In 2016, Marc, Luke and I took a cruise to Alaska. There were so many adventures there! Salmon fishing, for instance. Luke caught a chum, Marc caught a little itty bitty baby that was promptly returned to its home. Horseback riding was particularly adventurous when they ran into a bear. Luke was at the back of the line with a red shirt on as a lady insisted on getting pictures while the bear ambled towards them. The guide promptly moved them along. A helicopter ride to a glacier was one of the best highlights. I was regaled with their stories.
Me? Well, I went on the bus trips with the others less physically inclined. I called it the “senior bus,” and I made some sturdy friendships there.
But now, it’s 2019, and I am living my transformed life. We are in the Great Smoky Mountains and I wanted my own adventures. Yesterday we went zip lining. I cannot say that it was particularly easy. I was good with the “hanging like a marionette part,” but I did have a propensity to swing sideways or even backwards a few times—and the braking was a challenge. Still, I had game, and I did it, and it was ridiculously fun. Seven zip lines, four and a half miles and not a senior bus in sight.
Today was my choice of activity and we went on a four-mile hike on the Porters Creek trail. It was one of the lesser-known trails, so there weren’t many people on it. The creek—and trail, come to that—was very rocky. It was only a 700-foot rise, but the rocks made it somewhat hard going, especially towards the end. We went by old rock walls, and a cemetery from the late eighteen hundreds. The most important and intricate headstone was for a young woman who died in 1903 at the age of twenty-five. The saddest one was for a little baby who lived her life over the course of four days.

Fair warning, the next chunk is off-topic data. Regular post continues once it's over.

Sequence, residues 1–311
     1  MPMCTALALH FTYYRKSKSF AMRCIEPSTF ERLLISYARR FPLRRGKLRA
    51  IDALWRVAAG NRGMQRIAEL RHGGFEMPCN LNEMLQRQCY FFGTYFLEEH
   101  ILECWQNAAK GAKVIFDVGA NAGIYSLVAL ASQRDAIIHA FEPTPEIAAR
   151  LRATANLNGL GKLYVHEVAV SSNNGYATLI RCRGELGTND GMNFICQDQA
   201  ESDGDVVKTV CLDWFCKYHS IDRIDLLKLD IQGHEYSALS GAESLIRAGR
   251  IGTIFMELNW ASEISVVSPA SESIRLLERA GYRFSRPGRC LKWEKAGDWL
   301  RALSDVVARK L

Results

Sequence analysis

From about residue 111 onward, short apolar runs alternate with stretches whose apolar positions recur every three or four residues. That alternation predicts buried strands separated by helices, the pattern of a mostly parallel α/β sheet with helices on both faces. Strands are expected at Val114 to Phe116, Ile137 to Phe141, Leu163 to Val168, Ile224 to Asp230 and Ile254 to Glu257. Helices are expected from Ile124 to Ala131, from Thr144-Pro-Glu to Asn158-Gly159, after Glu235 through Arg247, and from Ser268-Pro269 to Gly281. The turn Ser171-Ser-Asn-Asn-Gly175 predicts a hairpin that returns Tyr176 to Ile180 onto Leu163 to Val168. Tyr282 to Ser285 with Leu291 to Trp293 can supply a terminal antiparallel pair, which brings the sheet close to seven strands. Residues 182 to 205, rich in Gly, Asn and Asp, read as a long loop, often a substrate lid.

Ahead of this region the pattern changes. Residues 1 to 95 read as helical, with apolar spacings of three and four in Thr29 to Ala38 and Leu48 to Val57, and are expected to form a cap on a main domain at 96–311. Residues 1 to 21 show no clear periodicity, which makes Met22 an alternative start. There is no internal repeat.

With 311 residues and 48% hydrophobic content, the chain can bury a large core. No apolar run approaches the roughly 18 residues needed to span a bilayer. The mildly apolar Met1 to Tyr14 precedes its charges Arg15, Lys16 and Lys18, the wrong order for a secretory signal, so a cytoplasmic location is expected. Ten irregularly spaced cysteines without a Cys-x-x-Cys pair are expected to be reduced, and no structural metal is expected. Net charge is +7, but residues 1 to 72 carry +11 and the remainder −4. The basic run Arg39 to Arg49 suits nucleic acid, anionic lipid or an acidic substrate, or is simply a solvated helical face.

We saw whitewater as we crossed a “somewhat perilous footbridge”—written commentary not our own—and made our way to a small, high waterfall. We talked and laughed and sweated profusely. I pondered why there were only giant yellow butterflies in one part of the forest and black and turquoise ones in another, as if they were in different sororities, or fraternities as the case may be. Perhaps they were all just fairies after all. I sang a bit too, and we took so many pictures.
I am in the world, a part of it, instead of sitting in a chair and looking out the window longingly. Yep, my feet are a bit sore, and the rocks were a pretty big challenge. Three years ago, my eyes wouldn’t have been there to pick up all the wonders, to feel the triumph of being able to hike and enjoy, rather than not hike at all—or worse, to hike and endure.
Every change I made in my life, every bit of rewiring I had to do with my brain and my body—it was for this. It was for this and it was so worth it. As I am writing this, I am smiling and wondering where we will meander tomorrow.